First ice, last winter squash and melons

Thanks to my husband being up at ungodly hours and feeding the outside cats for me, I didn’t have to head out for my morning rounds until things had started to warm up a bit. Even so, I found ice!

We keep a storage bin with tools and various handy things at the far-flung garden beds. It’s in the shade of the rain barrel (which we no longer fill; it has only enough water to keep it from blowing away), and the rain water that had collected on its lid had a layer of ice on it!

The reason I needed to go into the bin was to get a knife. It was time to collect the few remaining winter squash and melons.

The mutant Red Kuri has probably been ripe for a while, and just the outer skin was getting more time to thicken. The smaller one hasn’t reached its mature colour yet. The larger melons are the Pixies. Their vines died off ages ago, but I still had to cut them free!

The two surviving Teddy squash are smaller than they would have been under more optimal conditions, but from what I’ve read about their mature size, not by much. I do think they actually did get a chance to ripen.

The last two Halona melons! They got to this size, and just stopped growing. They are probably not edible, but who knows?

I figure we’ll be cutting into these as soon as we can. I think the winter squash, at least, will be something we can eat, and we’ll want to do that right away. The Pixie melons should probably be fine. Those little Halonas, though… I suspect they will find their way into the compost!

We’re supposed to get a really warm day tomorrow – 18C/64F!! – then back to chilly, but still mild, temperatures. It should be at least a week before we potentially get rain again, then mild for the rest of October. That will give us plenty of time to do more wood chipping, pull of the spent plants, and work on the high raised bed some more. I plan to include garden material among the layers when filling the high raised bed. Every little bit will help!

Yesterday, I consulted with my brother about a job that needs to be done. The old chicken coop – a log building that was a summer kitchen when my parents first acquired the farm – has a corrugated metal roof that was laid over the original wood shingles. A tree had been allowed to grow next to it and, in high winds, the branches had torn away a section of the metal sheets. I cut away the tree last year, so at least there is no new damage from the branches.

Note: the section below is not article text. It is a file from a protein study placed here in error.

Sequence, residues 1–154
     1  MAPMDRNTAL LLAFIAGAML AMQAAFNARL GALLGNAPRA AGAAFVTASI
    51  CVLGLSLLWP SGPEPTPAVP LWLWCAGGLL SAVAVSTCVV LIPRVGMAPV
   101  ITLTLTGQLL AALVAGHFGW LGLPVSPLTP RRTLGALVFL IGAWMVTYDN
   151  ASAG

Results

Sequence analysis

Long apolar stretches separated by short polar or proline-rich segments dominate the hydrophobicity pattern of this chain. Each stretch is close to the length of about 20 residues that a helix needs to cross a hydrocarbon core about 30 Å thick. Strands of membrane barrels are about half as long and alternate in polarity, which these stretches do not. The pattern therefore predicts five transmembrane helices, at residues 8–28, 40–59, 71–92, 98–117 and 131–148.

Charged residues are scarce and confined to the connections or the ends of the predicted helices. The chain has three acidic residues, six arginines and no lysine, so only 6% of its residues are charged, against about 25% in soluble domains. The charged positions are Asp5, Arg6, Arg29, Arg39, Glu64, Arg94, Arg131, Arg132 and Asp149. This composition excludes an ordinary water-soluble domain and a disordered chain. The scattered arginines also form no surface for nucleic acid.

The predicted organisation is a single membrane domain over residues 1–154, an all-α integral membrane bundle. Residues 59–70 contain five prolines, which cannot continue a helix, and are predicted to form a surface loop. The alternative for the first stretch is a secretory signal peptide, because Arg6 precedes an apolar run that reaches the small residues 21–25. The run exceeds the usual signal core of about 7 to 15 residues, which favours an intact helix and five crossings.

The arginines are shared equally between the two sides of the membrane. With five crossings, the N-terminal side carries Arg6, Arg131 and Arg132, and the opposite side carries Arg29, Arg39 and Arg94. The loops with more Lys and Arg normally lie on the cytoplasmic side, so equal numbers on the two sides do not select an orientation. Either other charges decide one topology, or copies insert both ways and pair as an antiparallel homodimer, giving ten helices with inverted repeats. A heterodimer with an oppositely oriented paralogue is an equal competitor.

This building is still salvageable, but the exposed wood roof needs to be covered, or it’ll end up collapsing like the others. The metal pieces that got torn off are pretty damaged, and I couldn’t even find all of them. There was another building next to the barn with the same type of corrugated metal roof. It collapsed long ago, so the remains of the roof are almost on the ground. It still has several pieces that are bent to fit over the peak of the roof, so I should be able to salvage those, as well as some other pieces, to cover the old chicken coop roof.

The problem is getting up there. I don’t think that roof can hold a person’s weight anymore. Plus, it would be pretty dangerous to try and use a ladder around there. The ideal thing would be to have scaffolding. My brother told me that there used to be scaffolding alongside the building my parents’ stuff is now stored in. I was pretty sure what I would find, but this morning I went to take another look, just to confirm.

No scaffolding.

Something else that disappeared before we moved out here.

*sigh*

My parents ran a fully equipped and functioning farm until their retirement. Sure, it was just two sticks ahead of the stone ages, but as my late brother prepared to take it over, he brought all sorts of supplies and equipment. I’d say it was more like three or four sticks ahead of the stone ages before he died. Now, it’s like I’m down to just one stick ahead of the stone ages. I have fewer tools and resources available now, than when I was a kid and we still didn’t have running water or an indoor bathroom.

It makes taking care of and improving this place, very frustrating!

Ah, well. We make do with what we have. Perhaps, with our vandal taking me to court over the remaining junk, a judge will see fit to order him to return what he took, or pay my mother and brother back for what can no longer be returned. One can dream!

The Re-Farmer

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